Sure, the 15,000-seat building, the largest in the Pac-12, was going to a capacity of 8,500 in the lower bowl, but that was OK. That capacity in that building would make for a more intimate, more engaged atmosphere. Furthermore, after Scott Kull, then Utah’s deputy athletic director for external operations, told me at the time that, despite average announced crowds exceeding 10,000, they had not welcomed above 8,500 fans in a while, I was even more convinced curtaining off the upper bowl was the right move.
It made perfect sense then, and almost three years and two non-COVID seasons later, it still makes perfect sense now, mostly because there is no good reason to raise the curtains.
This topic has become such a toxic, everyday complaint among a loud minority of fans, that earlier this week, Utah felt compelled to have its assistant AD for marketing and fan experience, Matt Thomas, talk to and field questions from reporters in an effort to clarify the situation.
This topic was already pretty simple, but credit to Thomas because his 10 minutes in front of three media outlets served to make it even more simple.
Per Thomas, once a given game drops below “a couple hundred tickets remaining in the lower bowl,” he and his staff will provide a recommendation to senior staff on what to do from there. If the curtains were to go up, the upper bowl would be $5 general admission.
The problem there is, Utah hasn’t been close to crossing that threshold. The average number of available tickets for remaining home games as of Tuesday when Thomas spoke was 1,200.
A lot of Utah fans have done a lot of complaining about this upper bowl situation, but not enough have taken action. If you’re arguing the upper bowl should be open for $5 GA to draw more fans, that’s not going to happen; Utah’s focus is to fill the lower bowl, where there are $10 GA (in Sections G and F) and $15 reserved seats available. There are some tickets available on the secondary market for as little as $5 before fees.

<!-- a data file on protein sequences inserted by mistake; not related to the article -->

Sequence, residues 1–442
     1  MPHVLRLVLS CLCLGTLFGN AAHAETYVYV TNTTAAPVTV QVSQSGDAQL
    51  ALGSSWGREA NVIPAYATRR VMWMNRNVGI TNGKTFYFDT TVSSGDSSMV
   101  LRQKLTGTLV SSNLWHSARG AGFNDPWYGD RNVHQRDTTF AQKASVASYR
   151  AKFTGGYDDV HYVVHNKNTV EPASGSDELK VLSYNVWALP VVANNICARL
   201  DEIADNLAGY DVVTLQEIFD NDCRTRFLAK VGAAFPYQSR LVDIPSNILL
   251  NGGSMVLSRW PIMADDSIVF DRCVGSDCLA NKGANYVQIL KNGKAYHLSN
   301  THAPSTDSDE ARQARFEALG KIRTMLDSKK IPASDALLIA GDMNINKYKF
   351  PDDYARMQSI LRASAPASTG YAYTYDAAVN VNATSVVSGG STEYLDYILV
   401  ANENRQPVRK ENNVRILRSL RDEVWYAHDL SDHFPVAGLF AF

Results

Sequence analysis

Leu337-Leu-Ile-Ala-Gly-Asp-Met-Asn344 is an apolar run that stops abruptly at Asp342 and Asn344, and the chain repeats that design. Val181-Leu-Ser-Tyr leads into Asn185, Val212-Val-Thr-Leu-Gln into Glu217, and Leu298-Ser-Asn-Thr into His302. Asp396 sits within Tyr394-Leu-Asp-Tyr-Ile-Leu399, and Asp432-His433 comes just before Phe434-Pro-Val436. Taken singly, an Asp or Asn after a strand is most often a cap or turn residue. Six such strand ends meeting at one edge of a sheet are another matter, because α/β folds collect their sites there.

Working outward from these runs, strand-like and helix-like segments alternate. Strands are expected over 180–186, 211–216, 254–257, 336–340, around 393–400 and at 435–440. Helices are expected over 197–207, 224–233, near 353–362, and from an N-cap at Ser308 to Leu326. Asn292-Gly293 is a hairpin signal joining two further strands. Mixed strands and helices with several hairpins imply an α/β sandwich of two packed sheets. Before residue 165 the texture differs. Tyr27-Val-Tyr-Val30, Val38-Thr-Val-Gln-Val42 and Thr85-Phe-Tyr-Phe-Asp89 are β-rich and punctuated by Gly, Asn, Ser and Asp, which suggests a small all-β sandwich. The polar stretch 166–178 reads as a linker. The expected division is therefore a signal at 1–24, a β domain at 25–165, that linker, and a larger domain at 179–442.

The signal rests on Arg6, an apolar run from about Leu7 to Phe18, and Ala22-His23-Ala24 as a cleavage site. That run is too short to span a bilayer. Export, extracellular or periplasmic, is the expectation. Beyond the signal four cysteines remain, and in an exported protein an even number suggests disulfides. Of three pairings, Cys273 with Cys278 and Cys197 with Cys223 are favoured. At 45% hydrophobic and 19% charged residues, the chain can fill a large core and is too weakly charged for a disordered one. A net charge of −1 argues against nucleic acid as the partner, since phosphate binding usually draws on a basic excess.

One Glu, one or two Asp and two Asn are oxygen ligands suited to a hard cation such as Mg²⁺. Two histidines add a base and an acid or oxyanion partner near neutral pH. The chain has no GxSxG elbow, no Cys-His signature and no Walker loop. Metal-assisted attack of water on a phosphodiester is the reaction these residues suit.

Utah cannot currently fill the lower bowl, so if you open the upper bowl now, the crowd will be scattered and the place will look more empty than it already is.
The athletic department declined to say what percentage of the lower bowl is claimed by season-ticket holders and, more importantly in my opinion, how many tickets Utah is actually scanning at the door on a game-by-game basis.
That latter figure is anemic, as you know if you’ve opened your eyes at the Huntsman Center this season. Thomas did say that about 20-30% of people who have tickets are not showing up. That’s a lot, but frankly, I am empathetic there to a point. Parking is a bit of an issue, which Utah has tried to alleviate this season with shuttle service; the tipoff times are sometimes not great; the nonconference schedule didn’t have a marquee on-campus opponent; and the Huntsman Center concessions are roundly crushed by fans.
Thomas noted you can transfer the tickets to friends and family, sell them, or give them back to the ticket office, which will find use for them.
I don’t have a great answer for fixing Utah’s attendance problems.
It’s up to fans to act.
The curtains were not up for Washington State, nor would they be up for Washington. Stanford, Cal, and Colorado are also likely to see the black curtains blocking off the upper bowl. Utah might normally have a shot at a real crowd Feb. 23 for a UCLA team with enough juice to get to the Final Four. But a 9 p.m. tip on a Thursday? No.
Circle Feb. 25 vs. USC. Tipoff is TBD, but if it’s in the early evening, and the Trojans are headed for the NCAA Tournament, and the Utes are still looking good for a postseason berth, maybe, maybe, you get the curtains up for that one.
If not, it will be with good reason.
Other things on my mind
• With the first NCAA Transfer Portal window for FBS players closing on Wednesday, there is no question that Utah football made out well, specifically in terms of who left. Attrition is a natural part of the process, but there isn’t one Utah guy who left where you’re thinking, yikes, not great. Losing Micah Bernard’s versatility out of the backfield is a tangible loss, yes. That’s the one that stands out most, but that’s not a dire loss.
The next portal window is May 1-15. That’s after spring practice is over, at which point maybe there’s some writing on the wall at certain positions and Utah loses some more. For now, personnel-wise, it’s a win for the Utes.
• Tavion Thomas is set to play in the East-West Shrine Bowl on Feb. 2, and he has indicated on Twitter that he has an NFL Combine invite later down the road. That’s a lot of opportunities to work out in front of NFL personnel, and potentially a lot of team interviews where he’s going to have to explain what happened at Utah last season. How Thomas performs, and how NFL personnel view him over the next three months of draft prep, will be interesting.
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